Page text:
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This package provides tools to analyse multi-level networks in terms of motifs.

Multi-level networks combine multiple networks in one representation, e.g. social-ecological networks, which connect a social network (e.g. interactions among fishermen) with an ecological network (e.g. interactions between fish species) and the ties in between (e.g. fishers who fish specific species).

Motifs are small configurations of nodes and edges (subgraphs) within an overall network.

Package features include:


Due to the package’s tight integration with the Python framework SESMotifAnalyser, we recommend explicitly installing the associated sma module through reticulate.

reticulate::py_install("sma", pip = TRUE)

You can then install motifr from github, using devtools:


Please report any issues that occur when using the package by creating an issue in the issue tracker on github.

If you use motifr, please cite it when publishing results. To check how, use:

#> To cite package 'motifr' in publications use:
#>   Mario Angst and Tim Seppelt (2020). motifr: Motif Analysis in
#>   Multi-Level Networks. R package version 1.0.0.
#> A BibTeX entry for LaTeX users is
#>   @Manual{,
#>     title = {motifr: Motif Analysis in Multi-Level Networks},
#>     author = {Mario Angst and Tim Seppelt},
#>     year = {2020},
#>     note = {R package version 1.0.0},
#>     url = {},
#>   }


motifr currently can handle unweighted directed and undirected networks. The package supports motifs distributed across a maximum of three levels currently, while the total number of levels in the network is theoretically unrestricted.

Network data should be prepared as statnet network objects or igraph/ tidygraph graph objects with a numeric vertex attribute to specify a level for each node (named e.g. “lvl”) for best results.

Introduction and key functionality

First, we load the package.


Visualize a multi-level network

The following network is an example network from an empirical analysis of wetlands management in Switzerland. It consists of two levels - one level specifies a network of relations between actors. A second level specifies a network of relations between different activities occurring in the wetland, based on causal interdependence among activities. Links between the levels specify which actors carry out which activities.

It is possible to specify layouts for every network level separately. Below, one level is plotted based on a circle layout, the second one based on Kamada-Kawai.

  net = ml_net,
  lvl_attr = "sesType",
  layouts = list("kk", "circle"),
  directed = FALSE

motifr provides a reliable starting point for multi-level network visualization but is focused on motif analyis at its core. For advanced visualization of multi-level networks we recommend pairing ggraph and graphlayouts. This blog post provides an excellent introduction.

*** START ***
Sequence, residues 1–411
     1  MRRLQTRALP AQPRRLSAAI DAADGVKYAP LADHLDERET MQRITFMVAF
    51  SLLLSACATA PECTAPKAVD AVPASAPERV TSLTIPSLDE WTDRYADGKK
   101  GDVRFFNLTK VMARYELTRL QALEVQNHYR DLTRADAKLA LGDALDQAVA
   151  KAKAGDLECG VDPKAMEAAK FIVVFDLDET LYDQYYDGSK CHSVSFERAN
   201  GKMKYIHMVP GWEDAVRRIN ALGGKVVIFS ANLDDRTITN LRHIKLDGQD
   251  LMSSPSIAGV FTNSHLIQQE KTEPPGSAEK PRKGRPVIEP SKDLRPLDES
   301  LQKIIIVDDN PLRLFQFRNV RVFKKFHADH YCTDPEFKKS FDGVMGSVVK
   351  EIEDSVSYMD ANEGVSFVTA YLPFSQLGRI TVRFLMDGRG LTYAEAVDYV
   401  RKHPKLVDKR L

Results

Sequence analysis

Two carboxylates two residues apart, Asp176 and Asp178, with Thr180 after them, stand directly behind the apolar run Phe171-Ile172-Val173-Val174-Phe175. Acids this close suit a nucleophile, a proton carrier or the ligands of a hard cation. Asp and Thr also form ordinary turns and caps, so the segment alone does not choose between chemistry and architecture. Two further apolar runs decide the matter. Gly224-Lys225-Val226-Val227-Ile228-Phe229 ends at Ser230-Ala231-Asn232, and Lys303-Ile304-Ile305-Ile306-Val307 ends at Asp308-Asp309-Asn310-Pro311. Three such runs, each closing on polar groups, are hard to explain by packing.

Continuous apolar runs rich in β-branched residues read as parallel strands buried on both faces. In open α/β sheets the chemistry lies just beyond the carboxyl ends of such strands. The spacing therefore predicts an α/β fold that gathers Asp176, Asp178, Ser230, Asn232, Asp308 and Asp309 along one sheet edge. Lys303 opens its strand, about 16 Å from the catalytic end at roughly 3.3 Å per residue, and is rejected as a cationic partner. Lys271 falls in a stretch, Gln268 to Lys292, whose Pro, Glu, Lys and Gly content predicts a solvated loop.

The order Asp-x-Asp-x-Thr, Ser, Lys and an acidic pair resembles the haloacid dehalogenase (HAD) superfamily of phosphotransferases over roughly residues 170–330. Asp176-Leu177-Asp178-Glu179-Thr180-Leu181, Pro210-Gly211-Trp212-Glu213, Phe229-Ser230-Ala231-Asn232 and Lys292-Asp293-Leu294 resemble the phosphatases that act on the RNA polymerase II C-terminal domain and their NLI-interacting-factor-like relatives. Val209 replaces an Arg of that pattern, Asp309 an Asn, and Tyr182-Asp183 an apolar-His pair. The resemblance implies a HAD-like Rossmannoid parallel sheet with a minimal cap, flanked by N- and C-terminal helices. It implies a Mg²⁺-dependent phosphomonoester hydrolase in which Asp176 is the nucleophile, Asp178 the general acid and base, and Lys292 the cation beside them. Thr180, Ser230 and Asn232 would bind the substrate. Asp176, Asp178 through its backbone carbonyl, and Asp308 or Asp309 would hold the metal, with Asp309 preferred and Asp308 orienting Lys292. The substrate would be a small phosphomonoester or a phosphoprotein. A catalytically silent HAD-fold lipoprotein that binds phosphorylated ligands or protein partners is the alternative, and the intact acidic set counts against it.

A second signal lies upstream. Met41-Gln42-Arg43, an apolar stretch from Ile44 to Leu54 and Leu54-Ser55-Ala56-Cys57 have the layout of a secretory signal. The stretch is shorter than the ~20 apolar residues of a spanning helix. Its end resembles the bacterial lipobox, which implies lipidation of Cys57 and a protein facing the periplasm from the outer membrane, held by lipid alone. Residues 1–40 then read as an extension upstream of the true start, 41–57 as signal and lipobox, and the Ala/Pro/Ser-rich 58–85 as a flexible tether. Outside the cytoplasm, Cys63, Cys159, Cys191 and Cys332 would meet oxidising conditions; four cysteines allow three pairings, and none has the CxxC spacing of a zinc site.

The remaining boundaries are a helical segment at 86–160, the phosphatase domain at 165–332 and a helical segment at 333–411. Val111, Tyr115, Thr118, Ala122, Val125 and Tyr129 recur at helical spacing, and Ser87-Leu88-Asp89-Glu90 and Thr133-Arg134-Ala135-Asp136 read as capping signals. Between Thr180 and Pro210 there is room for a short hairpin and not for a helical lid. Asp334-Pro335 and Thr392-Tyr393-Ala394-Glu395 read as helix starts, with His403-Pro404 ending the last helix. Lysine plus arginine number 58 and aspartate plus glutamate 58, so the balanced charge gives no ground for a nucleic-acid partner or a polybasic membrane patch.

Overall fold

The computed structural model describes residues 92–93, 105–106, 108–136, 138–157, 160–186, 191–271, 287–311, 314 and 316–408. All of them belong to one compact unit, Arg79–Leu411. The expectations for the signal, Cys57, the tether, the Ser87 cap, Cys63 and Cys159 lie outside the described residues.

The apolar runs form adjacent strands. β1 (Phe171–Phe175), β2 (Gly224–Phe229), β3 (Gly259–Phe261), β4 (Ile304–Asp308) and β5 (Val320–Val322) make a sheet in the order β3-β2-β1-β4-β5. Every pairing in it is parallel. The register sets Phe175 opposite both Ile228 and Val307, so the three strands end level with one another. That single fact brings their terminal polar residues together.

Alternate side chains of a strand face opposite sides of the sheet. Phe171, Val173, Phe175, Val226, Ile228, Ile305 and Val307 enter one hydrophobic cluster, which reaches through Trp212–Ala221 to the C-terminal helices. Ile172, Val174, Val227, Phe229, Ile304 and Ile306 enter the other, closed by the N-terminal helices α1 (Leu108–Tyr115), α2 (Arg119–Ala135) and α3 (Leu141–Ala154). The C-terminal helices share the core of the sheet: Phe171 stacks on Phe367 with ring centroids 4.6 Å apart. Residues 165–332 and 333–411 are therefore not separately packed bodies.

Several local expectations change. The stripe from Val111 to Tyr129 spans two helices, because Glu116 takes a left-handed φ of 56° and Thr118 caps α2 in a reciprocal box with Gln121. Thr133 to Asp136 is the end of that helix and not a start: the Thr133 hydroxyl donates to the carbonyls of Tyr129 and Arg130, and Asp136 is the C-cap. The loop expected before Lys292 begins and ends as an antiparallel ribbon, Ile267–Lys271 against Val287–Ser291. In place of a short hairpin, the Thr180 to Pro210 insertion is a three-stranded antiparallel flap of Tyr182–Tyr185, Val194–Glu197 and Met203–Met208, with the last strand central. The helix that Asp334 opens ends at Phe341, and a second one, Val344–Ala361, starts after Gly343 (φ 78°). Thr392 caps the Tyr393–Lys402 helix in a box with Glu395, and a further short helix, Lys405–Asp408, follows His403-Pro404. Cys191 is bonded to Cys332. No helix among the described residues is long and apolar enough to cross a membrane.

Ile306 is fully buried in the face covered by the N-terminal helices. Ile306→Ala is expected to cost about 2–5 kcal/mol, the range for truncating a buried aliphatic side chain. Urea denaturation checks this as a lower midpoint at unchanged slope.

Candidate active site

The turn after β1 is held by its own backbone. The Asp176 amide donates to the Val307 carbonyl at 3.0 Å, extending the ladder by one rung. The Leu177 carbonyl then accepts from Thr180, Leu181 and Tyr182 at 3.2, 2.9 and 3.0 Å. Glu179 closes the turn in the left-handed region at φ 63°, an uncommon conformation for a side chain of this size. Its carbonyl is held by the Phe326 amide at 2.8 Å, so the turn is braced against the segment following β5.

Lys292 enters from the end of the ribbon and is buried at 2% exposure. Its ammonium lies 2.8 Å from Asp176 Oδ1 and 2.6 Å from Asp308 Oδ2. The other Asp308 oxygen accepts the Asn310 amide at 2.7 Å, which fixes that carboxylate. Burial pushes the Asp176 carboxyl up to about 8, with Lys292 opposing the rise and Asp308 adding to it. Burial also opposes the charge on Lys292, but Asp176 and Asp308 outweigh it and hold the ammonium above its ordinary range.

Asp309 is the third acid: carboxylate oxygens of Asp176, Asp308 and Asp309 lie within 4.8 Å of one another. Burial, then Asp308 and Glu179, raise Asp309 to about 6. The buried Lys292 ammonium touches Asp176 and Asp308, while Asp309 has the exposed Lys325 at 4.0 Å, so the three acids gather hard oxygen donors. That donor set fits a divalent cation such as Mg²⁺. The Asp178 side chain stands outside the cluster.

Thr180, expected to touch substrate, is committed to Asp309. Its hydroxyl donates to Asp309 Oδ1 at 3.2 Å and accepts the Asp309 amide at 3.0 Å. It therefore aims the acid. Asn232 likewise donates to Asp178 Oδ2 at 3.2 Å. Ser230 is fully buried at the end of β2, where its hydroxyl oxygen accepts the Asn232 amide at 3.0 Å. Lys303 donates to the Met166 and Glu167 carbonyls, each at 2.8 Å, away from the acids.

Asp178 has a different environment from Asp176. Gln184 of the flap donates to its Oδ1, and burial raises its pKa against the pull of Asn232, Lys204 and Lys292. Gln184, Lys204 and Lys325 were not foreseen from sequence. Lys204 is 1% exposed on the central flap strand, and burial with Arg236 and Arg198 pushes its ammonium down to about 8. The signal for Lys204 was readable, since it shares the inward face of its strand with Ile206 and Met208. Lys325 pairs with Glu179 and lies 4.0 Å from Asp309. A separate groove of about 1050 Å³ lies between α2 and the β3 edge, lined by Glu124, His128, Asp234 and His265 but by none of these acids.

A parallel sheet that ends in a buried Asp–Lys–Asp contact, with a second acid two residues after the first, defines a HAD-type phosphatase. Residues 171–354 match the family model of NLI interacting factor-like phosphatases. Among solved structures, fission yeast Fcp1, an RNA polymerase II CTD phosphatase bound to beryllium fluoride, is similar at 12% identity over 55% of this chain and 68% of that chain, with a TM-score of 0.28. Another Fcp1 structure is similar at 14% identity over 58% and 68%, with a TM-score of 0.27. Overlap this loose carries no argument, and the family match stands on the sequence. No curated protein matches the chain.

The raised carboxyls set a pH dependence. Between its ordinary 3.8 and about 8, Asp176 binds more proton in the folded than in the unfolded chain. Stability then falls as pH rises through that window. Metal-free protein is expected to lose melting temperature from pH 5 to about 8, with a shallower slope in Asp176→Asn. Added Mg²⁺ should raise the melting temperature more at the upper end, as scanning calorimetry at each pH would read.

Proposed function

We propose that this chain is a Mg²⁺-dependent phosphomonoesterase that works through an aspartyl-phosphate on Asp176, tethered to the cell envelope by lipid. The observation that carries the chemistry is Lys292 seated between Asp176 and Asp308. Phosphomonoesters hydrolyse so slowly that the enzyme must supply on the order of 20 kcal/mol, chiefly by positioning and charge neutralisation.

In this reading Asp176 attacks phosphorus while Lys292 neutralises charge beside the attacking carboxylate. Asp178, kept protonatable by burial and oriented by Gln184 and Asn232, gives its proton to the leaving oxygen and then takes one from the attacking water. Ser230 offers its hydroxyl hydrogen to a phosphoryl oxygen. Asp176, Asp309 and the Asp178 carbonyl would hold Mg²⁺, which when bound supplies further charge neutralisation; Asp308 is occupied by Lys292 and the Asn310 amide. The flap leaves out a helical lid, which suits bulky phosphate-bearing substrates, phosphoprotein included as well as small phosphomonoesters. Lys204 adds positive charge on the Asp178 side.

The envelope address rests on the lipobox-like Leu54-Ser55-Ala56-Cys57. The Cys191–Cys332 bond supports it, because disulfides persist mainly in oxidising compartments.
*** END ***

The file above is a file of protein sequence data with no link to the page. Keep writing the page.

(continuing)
Selecting motifs

See the vignette on the motif zoo (vignette("motif_zoo")) for details on nomenclature for motifs (motif identifier strings). We highly recommend the use of two helper functions implemented in motifr to ensure that the software interprets the motif identifier provided as intended by the analyst.

Count motifs

Motifs can be counted using the versatile function count_motifs(). It takes as parameters a statnet network or igraph graph object (use ml_net or dummy_net provided by this package as examples) and a list of motif identifiers (see below) specifying the motifs.

Let’s quickly check out two classic examples of three-node, two-level motifs (open and closed triangles) in the wetlands management network introduced above:

show_motif(motif = "1,2[I.C]", net = ml_net, label = TRUE, directed = FALSE) # open ('1,2[I.C]') triangle

show_motif(motif = "1,2[II.C]", net = ml_net, label = TRUE, directed = FALSE) # closed ('1,2[II.C]') triangle

Let’s count the number of of these motifs in the entire network.

motifs <- list("1,2[I.C]", "1,2[II.C]") # open and closed triangle

count_motifs(ml_net, motifs, directed = FALSE)
#>               motif count
#> 1,2[I.C]   1,2[I.C]   543
#> 1,2[II.C] 1,2[II.C]   167

An exploratory approach can be taken by calling motif_summary(). This function counts the occurrences of a couple of basic motifs. Furthermore it computes expectations and variances for the occurrence of these motifs in a modified Erdős-Rényi or so-called “Actor’s choice” model. See the package vignette("random_baselines") for details.